This post deals with domestic violence and might be triggering for some readers.
I’ll always be grateful to my ex-husband for one thing; when I wanted to leave him, and take our son, he let us go. Peacefully. Despite being furious about it.
That shouldn’t be remarkable, but it is.
In Australia, anyone can leave a relationship – they are free to go. That’s the theory.
In reality, the most dangerous time for a woman is when she leaves. That’s a domestic violence fact, evident in the sad news headlines every week.
Sometimes, a man won’t show any violent tendencies until his partner leaves, or tries to. Which is why sometimes, the woman wouldn’t see the physical violence coming.
It could have turned out so differently for me.
When I left my husband 10 years ago, I did feel nervous. I made a plan for myself and my toddler - secured accommodation, organised my sisters to help me pack the few things we were taking – and then told my husband we were leaving on Monday.
Our marriage had become a nightmare after our son was born. I’d been a dedicated step parent for a decade, and when I had my baby, I thought I’d receive the same support from the family I’d loved and given to. Then I realised, after many conversations which escalated to abusive arguments, that I was never going to get my husband to see the issues.
“I just want you to be the one to wake up at 5am, just once,” I begged when my son was six months old.
“I just want to see that you respect what I do and that you’re part of this. I didn’t expect to raise this baby as a married single parent.”
“You’re pathetic. You have no idea how hard I work, I deserve the respect for that.”
And so I became the ‘nagging wife’, desperate for his involvement and engagement.
The last six months of our marriage was ugly, and I knew it was no environment for our son. We tried marriage counselling, and the counsellor said, “I rarely say this to couples, but you’re so far apart in your perspectives and vision for the future, I can’t see how this will work to either of your satisfaction.”
It was such a disaster that when my husband was surprised by the news I was leaving – I was surprised by his reaction. He was angry about the rejection (but not so much as to want to discuss any of the reasons why), and told me it was the worst idea I’d ever had.
Our last weekend together was so tense that I’ll admit I was worried he’d do something – I’m not sure what. My husband was listening on my phone conversations, lurking around me, because he was convinced the only reason I would leave him is because I’d met someone else.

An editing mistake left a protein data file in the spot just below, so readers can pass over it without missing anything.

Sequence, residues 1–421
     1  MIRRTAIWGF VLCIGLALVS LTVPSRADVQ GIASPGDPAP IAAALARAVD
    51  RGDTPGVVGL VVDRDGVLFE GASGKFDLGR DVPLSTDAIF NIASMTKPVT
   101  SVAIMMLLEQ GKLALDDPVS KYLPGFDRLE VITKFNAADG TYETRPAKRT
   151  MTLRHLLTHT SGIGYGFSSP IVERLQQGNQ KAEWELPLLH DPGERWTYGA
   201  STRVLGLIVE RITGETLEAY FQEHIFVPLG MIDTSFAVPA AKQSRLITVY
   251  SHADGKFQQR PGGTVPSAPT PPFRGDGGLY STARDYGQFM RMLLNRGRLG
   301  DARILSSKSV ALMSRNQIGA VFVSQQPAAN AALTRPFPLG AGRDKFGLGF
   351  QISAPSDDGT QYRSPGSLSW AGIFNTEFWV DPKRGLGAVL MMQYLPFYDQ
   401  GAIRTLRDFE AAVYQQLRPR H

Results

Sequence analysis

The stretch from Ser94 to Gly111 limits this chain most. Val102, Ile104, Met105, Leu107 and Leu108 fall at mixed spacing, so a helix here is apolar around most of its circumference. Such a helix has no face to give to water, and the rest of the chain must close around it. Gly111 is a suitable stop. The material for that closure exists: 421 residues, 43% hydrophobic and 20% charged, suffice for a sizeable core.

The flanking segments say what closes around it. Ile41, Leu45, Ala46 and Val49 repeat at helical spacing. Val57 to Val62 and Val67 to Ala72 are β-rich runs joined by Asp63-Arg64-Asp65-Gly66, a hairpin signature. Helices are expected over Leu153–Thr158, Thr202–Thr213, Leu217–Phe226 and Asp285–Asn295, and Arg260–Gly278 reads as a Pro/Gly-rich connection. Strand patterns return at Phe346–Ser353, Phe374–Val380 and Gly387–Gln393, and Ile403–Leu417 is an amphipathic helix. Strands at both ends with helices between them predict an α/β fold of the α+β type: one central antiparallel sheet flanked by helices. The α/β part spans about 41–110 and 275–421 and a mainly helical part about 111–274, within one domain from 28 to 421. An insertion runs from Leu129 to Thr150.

Obviously, the problem couldn’t be him, right?
But it was, in my opinion, and we left. And he let us go.
Yes, I got, “No one will ever put up with you,” and “you’re taking my son away from me,” but that was all.
Later, he was horrible about money, but I could earn my own and gave up asking for it. I’ve not seen any since I left.
But to be honest, I feel it’s the smallest price to pay, to then be given sole custody of our son this whole time. I was able to build a happy, peaceful and safe life for us, with minimal issues.
That’s the goddamn co-parenting dream (unless you can really get it to work).
As anyone who’s had a custody battle, or dramas about shuffling the kids between houses knows, it can be a nightmare. Even I know, because I was a step mum when I was married, and it was a constant battlefield; in particular thanks to his ex, who would just not let go.
I don’t feel that my ex was trying to be the bigger person, and not make it hard on me. But I’ll grant that he knew from his experience that making a child a pawn, or not accepting that a relationship had broken down, was a no-win situation for anyone, and he didn’t want that misery again.
My ex let us go in safety mostly for himself, but it doesn’t matter; because the result is we were able to leave, and then live, without the threat of physical violence.
It could have been so different, if my rejection had triggered a hidden rage inside him, as it does for so many – too many – men.
My ex let us go, and it was the best thing he’s ever done for us.
If this post brings up any issues for you, or if you just feel like you need to speak to someone, please call 1800 RESPECT (1800 737 732) – the national sexual assault, domestic and family violence counselling service. It doesn’t matter where you live, they will take your call and, if need be, refer you to a service closer to home.
The author of this post is known to Mamamia and has chosen to remain anonymous for privacy reasons.
Feature image: Getty.